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The HTC Desire Z comes complete with two mapping options – considering how long the Taiwanese firm has bet big on Google Maps, offering its own option seems a little counter-intuitive.
We'll start with Google Maps that comes loaded on the Desire Z automatically - in our eyes it's the best option, and that's not just because it's free.
You get the easy to read interface we've all come to expect, where you can search the maps for whatever you like - businesses, landmarks and addresses.
You can also add in other layers, like Transit Lines (the Tube, for instance) Traffic and Wikipedia entries for things nearby.
Weather has been added to Live Wallpapers, so you can not only see where you are at all times, but also work out the weather too. We couldn't make this work in the UK when we played with it, but then again looking out the window achieved the same thing anyway...
The GPS lock was pretty quick, taking around seven or so seconds from cold to work out where we were. It's not the fastest, but seemed to hold our connection when we were using the phone as a sat nav.
Google Maps comes complete with integrated and free sat nav, and on this massive screen it's tip-top - you can easily see where you're going and it's very easy to poke the screen when you need to get a little more information.
Navigation actually gets its own little icon on the home screen, and will get you wherever you want to go - and tell you the traffic conditions too. It still relies on data streaming, which is a bit of a downside, but it's great for a free offering.
Voice search is offered on the HTC Desire Z, after a mysterious absence on the Desire, and it works well here too. Ask the phone to 'Navigate to that place with the Rosetta Stone' and you'll be taken to the British Museum (if that's where it is).
It's not a necessary touch, but it's pretty accurate providing you have an even dialect and speak clearly.
So after the wonder of Google Maps, we're unsure as to why HTC has decided to put its own locations platform on the HTC Desire Z as well.
In association with TomTom, the theory seems pretty clear - making money, as while the maps are free to download, you have to purchase traffic and speed camera information.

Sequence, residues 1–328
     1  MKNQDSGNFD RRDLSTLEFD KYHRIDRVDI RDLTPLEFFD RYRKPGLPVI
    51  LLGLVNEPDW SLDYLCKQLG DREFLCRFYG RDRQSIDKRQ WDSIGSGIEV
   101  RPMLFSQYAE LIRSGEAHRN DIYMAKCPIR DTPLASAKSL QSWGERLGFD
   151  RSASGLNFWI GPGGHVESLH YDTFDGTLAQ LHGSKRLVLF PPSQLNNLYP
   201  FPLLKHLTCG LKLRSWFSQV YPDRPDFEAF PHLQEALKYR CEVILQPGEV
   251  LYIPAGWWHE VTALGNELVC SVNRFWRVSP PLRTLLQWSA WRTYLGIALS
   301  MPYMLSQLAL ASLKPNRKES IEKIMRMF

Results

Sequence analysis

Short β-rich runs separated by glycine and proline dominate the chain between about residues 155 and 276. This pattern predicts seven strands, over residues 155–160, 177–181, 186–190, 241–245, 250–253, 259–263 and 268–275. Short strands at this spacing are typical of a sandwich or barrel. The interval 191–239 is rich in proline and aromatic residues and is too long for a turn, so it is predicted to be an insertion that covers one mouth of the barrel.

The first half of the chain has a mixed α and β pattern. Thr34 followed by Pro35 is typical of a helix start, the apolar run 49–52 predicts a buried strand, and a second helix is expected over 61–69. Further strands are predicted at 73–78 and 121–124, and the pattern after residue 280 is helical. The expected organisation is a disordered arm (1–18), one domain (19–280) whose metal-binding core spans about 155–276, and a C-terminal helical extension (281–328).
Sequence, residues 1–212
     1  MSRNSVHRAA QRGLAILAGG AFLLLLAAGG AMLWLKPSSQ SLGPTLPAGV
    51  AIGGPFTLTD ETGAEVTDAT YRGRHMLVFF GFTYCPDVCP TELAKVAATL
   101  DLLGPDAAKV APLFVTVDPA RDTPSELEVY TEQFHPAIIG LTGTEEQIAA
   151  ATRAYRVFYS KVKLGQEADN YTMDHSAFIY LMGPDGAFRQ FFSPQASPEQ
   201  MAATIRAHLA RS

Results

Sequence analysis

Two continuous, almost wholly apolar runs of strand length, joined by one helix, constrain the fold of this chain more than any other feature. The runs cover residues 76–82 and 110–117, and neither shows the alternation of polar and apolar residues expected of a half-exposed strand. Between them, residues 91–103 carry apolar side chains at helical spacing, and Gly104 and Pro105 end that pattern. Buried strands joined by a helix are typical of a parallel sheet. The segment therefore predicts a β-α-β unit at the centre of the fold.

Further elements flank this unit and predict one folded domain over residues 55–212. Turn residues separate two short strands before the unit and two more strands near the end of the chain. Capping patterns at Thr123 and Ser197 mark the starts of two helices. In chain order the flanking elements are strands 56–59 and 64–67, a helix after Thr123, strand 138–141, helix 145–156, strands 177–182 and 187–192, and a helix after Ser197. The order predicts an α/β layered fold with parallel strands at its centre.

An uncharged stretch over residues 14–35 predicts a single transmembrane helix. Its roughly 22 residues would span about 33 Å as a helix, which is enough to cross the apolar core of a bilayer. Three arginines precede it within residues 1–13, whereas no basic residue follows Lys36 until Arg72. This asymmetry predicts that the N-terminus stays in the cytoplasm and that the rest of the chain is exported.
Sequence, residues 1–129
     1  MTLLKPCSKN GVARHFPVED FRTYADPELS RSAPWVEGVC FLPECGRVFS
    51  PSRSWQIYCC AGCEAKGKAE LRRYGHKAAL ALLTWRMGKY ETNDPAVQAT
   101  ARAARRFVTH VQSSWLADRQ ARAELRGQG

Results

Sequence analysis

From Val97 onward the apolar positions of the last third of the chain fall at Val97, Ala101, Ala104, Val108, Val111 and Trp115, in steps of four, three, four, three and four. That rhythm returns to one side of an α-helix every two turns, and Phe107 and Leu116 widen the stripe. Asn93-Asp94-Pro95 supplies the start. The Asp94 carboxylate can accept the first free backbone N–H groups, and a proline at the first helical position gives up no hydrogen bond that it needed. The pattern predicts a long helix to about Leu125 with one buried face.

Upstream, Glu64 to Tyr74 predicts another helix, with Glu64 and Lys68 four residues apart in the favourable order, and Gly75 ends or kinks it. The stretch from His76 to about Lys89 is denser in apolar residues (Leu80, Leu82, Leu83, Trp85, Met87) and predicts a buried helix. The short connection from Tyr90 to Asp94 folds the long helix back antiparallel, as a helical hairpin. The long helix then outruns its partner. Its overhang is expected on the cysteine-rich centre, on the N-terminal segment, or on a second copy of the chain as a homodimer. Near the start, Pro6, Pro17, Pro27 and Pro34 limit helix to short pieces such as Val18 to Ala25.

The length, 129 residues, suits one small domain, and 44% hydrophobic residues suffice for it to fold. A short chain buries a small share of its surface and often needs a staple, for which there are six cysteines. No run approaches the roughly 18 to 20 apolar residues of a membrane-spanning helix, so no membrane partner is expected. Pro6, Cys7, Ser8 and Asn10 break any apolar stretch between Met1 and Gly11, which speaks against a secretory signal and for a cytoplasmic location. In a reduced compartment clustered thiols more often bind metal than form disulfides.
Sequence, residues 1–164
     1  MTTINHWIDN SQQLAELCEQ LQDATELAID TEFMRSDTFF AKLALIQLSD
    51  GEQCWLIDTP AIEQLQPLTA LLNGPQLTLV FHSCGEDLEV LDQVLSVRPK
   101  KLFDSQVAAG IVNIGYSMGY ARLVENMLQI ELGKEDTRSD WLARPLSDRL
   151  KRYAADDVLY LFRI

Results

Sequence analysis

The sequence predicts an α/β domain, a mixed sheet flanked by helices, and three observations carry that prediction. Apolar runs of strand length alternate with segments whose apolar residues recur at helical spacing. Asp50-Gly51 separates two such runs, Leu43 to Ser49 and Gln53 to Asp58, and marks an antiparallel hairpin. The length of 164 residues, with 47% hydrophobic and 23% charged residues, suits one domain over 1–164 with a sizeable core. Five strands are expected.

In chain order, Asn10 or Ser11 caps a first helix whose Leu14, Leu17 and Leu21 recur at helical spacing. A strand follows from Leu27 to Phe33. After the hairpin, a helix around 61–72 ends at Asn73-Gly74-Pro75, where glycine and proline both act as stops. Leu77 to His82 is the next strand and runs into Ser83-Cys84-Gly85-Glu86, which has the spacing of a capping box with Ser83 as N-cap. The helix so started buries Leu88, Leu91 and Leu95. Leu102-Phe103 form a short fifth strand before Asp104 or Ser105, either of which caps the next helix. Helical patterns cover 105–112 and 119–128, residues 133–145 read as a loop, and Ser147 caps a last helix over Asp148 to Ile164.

Admittedly you can't get the latter with Google Maps, but that has the advantage of being free - we assume HTC is all about choice here, although it can be a little confusing.
The application works far better on the HTC Desire Z than it did on the HTC Desire HD, as it actually contains the listings it has promised.
From the nearest cash machine to the best pub in the area, it was scarily accurate and able to give a lot of good places to go. Admittedly we were testing it in the middle of London, where you can expect there to be more than a few pubs and attractions littered around the place.
There's also a car panel for using the phone as a Sat Nav, and this has the fabulous option of either using the Premium Navigation (which appears to be free) or Google Navigation, which runs faster but doesn't offer features like Helicopter view (to see your forthcoming route) or phone call integration.
Plus another cool thing on locations is you can download the whole of the UK to the phone to save data (although it takes up nearly 500MB of space, which may be a problem for some people with smaller memory cards or using a lot of media).
We'd wager it's not going to be too long until Google comes out with a caching option as well - we assume it's currently some sort of licensing deal at the moment, but it seems like a sensible thing to do in the future.
But this is about choice, and given the sheer volume of stuff available through locations that only adds to Google Maps, we just wish the two would have been integrated together fully to offer one heck of a mobile mapping experience.
The HTC Desire Z comes with an inbuilt GPU to handle the heavy graphical processing on screen, and it works really well in our eyes.
It doesn't load games as fast as the HTC Desire HD, as side by side tests showed that the Z was constantly beaten by a couple of seconds, but the gameplay was very similar.
Football games look superb on the phone, and racing options like Raging Thunder offer up a decent motoring experience. The smaller screen means its harder to see some aspects of the game, and if you need to hit certain elements of the screen for gameplay this is obviously not as good as on the Desire HD.
Of course, it's the casual gaming that HTC wants to attract too, and the likes of Angry Birds and Teeter both perform admirably - the former especially as it's so high-res you can see the birds' faces change colour as they fly towards to targets.
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Gareth has been part of the consumer technology world in a career spanning three decades. He started life as a staff writer on the fledgling TechRadar, and has grown with the site (primarily as phones, tablets and wearables editor) until becoming Global Editor in Chief in 2018. Gareth has written over 4,000 articles for TechRadar, has contributed expert insight to a number of other publications, chaired panels on zeitgeist technologies, presented at the Gadget Show Live as well as representing the brand on TV and radio for multiple channels including Sky, BBC, ITV and Al-Jazeera. Passionate about fitness, he can bore anyone rigid about stress management, sleep tracking, heart rate variance as well as bemoaning something about the latest iPhone, Galaxy or OLED TV.